Tuesday's news in 5 minutes.

We’ve rounded up all the latest stories from Australia and around the world – so you don’t have to go searching.

1. Teenage father admits to killing baby son.

A teenager father has pleaded guilty to killing his newborn son in Perth last year.

The 16-year old boy from Bunbury was visiting his son who had been born prematurely last February at Bunbury Regional Hospital.

The father was 16 at the time of the baby’s death.

The baby was airlifted to Princess Margaret Hospital but died several days later in his teenage mother’s arms.

At the time the mother posted heartbreaking messages to social media.

“Omg what do i do sitinq here so lost missing my son rip mummys boy love you to the moon nd bak,” she wrote.

“You Went In My Arms I Lovee Yhu So Much.”

The teenager was initially charged with assaulting the 27-day-old boy but after the baby died the charges were upgraded to unlawful killing of the baby.

The 16-year old will be sentenced next month.

2. Leaked emails from Liberal Party federal treasurer Philip Higginson address ‘conflict of interest’ posed by Loughnane and Credlin marriage.

By political editor Chris Uhlmann and political reporter Anna Henderson.

The latest shot in the campaign to depose the Prime Minister was fired last night with the leaking of a letter of resignation from the Liberal Party’s honorary federal treasurer Philip Higginson.

Leaked emails undermining PM again.

The ABC has obtained two letters from Mr Higginson, an avowed long-time friend of Tony Abbott.

One letter, foreshadowing Mr Higginson’s resignation, attacked what he saw as the organisational conflict of interest created by the marriage between Liberal federal director Brian Loughnane and the Prime Minister’s chief of staff Peta Credlin.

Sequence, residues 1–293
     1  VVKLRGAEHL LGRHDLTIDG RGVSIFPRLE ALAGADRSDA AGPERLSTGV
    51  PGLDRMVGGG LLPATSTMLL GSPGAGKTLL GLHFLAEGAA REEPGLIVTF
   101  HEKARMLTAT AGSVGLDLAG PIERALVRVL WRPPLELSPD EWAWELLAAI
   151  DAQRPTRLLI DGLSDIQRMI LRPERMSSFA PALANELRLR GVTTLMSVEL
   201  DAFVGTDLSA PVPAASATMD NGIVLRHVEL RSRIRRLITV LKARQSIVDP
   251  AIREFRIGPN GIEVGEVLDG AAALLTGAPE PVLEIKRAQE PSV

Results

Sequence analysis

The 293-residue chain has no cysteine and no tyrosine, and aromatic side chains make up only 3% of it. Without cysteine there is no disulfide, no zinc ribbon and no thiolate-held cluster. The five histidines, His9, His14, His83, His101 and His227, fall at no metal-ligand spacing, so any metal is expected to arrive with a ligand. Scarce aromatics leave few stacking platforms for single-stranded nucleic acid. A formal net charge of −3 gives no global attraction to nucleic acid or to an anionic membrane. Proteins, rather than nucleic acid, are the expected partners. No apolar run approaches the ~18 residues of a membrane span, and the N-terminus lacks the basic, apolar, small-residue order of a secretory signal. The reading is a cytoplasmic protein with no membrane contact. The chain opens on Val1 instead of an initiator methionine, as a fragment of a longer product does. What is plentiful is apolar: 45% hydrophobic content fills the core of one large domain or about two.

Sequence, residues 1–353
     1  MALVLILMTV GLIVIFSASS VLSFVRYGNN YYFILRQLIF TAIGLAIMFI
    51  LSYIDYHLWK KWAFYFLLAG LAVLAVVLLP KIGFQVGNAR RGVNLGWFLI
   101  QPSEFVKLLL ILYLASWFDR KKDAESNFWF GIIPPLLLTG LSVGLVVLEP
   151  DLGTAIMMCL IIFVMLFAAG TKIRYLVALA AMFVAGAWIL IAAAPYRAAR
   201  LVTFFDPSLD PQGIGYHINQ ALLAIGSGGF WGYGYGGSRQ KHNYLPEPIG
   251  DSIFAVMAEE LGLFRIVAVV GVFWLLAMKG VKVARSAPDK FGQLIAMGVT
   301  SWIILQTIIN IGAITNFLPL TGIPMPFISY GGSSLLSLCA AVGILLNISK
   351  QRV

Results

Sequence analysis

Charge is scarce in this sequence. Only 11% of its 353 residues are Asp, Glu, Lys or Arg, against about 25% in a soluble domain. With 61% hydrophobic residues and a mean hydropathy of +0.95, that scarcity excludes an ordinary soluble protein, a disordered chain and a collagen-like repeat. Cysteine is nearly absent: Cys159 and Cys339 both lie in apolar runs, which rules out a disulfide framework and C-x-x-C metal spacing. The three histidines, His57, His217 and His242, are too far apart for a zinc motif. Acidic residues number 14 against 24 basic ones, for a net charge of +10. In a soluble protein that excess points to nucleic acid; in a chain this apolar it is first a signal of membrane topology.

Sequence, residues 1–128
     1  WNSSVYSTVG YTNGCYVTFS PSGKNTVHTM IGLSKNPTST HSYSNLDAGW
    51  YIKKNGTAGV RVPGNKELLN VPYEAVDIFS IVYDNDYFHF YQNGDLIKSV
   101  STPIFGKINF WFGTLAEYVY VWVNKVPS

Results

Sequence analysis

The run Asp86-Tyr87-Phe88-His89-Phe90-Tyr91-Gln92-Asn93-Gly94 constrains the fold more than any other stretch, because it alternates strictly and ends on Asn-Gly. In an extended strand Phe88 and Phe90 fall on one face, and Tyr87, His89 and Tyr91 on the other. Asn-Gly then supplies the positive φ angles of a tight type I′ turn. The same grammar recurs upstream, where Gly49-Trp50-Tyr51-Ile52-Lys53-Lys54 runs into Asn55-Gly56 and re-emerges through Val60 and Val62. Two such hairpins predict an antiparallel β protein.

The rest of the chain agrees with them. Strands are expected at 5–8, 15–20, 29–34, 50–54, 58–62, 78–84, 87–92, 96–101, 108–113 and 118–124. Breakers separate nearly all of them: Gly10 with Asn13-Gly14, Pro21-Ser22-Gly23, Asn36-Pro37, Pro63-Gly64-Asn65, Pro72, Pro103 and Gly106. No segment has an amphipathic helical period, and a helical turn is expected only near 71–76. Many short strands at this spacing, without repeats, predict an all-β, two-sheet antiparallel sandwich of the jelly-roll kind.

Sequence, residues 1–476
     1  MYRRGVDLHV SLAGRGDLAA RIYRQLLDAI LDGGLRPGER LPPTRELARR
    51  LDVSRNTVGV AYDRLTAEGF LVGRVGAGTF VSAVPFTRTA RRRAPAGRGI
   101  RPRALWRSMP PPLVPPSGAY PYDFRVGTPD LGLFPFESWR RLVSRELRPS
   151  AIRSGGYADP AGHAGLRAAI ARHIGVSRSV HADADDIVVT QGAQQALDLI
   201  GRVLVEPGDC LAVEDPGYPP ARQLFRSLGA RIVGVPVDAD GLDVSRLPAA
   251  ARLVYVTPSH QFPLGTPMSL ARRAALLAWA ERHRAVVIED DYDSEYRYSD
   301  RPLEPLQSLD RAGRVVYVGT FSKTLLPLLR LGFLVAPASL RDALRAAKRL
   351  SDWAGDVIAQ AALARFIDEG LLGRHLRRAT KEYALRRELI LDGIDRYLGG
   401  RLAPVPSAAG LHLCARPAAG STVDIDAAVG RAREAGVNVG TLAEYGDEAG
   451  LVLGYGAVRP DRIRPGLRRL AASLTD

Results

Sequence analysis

“How this party ever let a husband and wife team into those two key roles where collegiate competitive tension is mandatory and private consultations between colleagues to see that each side is served well is a complete mystery,” the letter said.

“The persons in our party’s history that allowed it to occur should hang their heads in collective shame.

“The federal director has a fiduciary duty to act in the best interests of the organisation at all times, repeat, at all times.

“How can this possibly happen when the COS [chief of staff] to the PM is his wife?

“It immediately brings about the cessation of open communication to the federal director, contributes to wooden and unreliable communication, and a reluctance towards open and trusting lines of communication and, dare I say it, retribution.

“In corporate Australia the chairman of the board would never allow his EA [executive assistant] to be wife of the managing director, or the managing director would never allow his EA to be the wife of the chairman.”

President of the Liberal Party Richard Alston responded to the letters by writing to the federal executive saying he was not aware of any breach of duty by Mr Loughnane.